Miru pulled back his hand, self-conscious about his childlike wonder. He wished he hadn’t switched his headcard back on, even for a moment. A black handprint remained where his glove had rested against the sphere, trailing a dark smear where it had slid.
"You seem upset. What is it?" Miru asked his colleague’s 3VRD. The words sounded muffled and close in his bell-shaped ultraglas helmet.
"Brother Liu!" Pang said. "Computer projections show that the EarthCo warcraft—perhaps you remember it?—has altered trajectory and approaches Triton. You must return or seek shelter."
"Don’t be absurd," Miru responded. "Why would EarthCo attack TritonCo? Hasn’t Dorei contacted Neptunekaisha Protection?" He referred to the security force of the planet they orbited, Neptune. Neptune boasted a sovereign corporation of its own, though it retained heavy ties to NKK and was probably owned by the megacorp.
"He has, brother. They sent the warning. Coordinator Chang of Neptunekaisha Protection verified the report."
Miru stiffened. "She must be mistaken. We have nothing of value to EarthCo here."
"We have the object," Pang whispered, as if anyone with sufficiently advanced anti-cryptography who was eavesdropping on their bandwidth could not hear. "Anyway, Protection says this warcraft has gone renegade. Those aren’t regular cosmonauts. They’re insane."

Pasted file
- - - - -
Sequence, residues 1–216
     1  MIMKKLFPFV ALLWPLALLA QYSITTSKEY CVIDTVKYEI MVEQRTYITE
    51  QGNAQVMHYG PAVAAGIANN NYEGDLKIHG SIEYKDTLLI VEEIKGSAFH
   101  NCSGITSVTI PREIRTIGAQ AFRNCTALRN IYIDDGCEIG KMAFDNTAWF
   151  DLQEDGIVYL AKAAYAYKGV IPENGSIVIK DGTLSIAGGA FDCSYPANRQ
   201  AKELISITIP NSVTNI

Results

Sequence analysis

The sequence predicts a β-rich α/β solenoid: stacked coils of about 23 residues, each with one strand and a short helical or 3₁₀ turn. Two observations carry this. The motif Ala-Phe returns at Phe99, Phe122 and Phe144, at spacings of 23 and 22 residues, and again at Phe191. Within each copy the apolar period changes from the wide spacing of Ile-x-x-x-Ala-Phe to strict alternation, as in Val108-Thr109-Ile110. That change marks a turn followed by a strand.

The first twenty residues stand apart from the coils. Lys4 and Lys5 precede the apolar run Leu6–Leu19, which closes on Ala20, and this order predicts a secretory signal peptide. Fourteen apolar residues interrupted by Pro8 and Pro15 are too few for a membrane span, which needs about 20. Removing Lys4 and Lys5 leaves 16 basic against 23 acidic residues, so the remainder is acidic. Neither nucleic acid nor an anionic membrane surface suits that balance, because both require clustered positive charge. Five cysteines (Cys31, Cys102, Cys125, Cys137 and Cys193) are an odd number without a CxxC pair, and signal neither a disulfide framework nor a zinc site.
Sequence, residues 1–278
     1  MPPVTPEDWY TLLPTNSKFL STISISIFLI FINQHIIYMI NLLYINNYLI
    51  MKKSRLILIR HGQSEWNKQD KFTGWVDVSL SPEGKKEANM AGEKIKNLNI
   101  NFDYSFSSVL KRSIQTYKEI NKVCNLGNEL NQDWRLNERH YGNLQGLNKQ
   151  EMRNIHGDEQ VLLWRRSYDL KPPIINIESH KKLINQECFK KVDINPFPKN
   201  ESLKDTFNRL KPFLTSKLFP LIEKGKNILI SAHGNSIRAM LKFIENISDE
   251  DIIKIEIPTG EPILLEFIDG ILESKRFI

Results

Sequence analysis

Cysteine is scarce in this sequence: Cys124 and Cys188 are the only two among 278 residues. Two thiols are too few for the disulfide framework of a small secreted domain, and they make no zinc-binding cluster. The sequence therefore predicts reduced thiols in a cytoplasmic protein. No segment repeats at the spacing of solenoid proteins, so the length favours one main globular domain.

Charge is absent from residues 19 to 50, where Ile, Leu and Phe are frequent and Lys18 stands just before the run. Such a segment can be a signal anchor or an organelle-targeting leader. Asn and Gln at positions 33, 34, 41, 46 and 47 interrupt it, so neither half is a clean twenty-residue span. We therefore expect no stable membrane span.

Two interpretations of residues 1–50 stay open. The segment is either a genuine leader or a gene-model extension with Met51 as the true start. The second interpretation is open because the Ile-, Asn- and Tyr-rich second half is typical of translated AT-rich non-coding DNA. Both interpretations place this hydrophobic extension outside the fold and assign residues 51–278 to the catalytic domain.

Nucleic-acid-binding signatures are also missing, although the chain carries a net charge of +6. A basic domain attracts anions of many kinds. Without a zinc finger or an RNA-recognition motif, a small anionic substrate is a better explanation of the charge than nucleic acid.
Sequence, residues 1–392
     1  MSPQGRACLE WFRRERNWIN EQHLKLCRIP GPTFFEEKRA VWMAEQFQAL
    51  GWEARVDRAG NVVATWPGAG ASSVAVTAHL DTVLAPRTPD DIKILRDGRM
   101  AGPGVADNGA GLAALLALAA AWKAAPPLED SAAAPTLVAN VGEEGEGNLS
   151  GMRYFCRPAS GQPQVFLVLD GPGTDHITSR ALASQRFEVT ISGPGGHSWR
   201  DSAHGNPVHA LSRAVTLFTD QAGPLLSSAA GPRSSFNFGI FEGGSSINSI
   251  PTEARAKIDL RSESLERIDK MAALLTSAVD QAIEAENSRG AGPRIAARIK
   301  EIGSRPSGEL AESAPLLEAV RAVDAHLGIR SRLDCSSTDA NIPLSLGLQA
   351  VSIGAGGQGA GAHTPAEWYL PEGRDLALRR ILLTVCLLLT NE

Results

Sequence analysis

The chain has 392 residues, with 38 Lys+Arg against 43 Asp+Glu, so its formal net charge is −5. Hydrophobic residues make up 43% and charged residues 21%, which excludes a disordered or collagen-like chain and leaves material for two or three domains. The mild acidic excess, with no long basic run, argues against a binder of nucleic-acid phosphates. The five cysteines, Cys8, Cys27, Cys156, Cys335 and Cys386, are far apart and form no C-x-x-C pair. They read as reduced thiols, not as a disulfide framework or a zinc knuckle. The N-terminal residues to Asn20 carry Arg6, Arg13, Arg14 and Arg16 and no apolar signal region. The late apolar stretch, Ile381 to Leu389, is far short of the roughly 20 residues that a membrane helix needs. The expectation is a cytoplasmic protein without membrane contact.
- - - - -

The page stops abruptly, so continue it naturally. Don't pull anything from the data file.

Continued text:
"I see," muttered Miru, watching pink crystals drift down from the rough-cut pit walls onto his boots as wind swirled in from above.
Insane, yes; that is the problem with humans, Miru thought. He knew from experience. He glanced at the object, his brow wrinkling. Then he relaxed.
"At least we don’t have to worry about this," he said, again resting his hand on the sphere. Not even accelerator drills had grazed it; any particle or energy they directed at its surface was deflected with no apparent effect. Various craters and melts in the pit’s dirty-ice walls testified to these attempts.
"Liu," said Pang, shaking his head, long dark hair swaying from side to side, "try to think about something beyond the object for once. Think about this: Our Jiru City is not quite as sturdy as the object. Hmmm?"
Miru thought about it.
"Barbarians," Miru said. "TritonCo is the only corp interested in funding
our research here. If
"Liu!" the other shouted, shaking a fist. "What do you suppose will happen to us if that warcraft blasts through Neptunekaisha’s defenses? It devastated NKK’s defenses on Phobos."
Miru shrank back a step, unnerved by this display of emotion in Pang. Then the implications of the man’s words soaked through:
"If we die, no one will continue our work," he said.
Pang sighed, his fists relaxing and falling to his sides.
"You need to find shelter before it arrives, in an estimated twenty minutes," Pang said. His image slowly shook its head and vanished.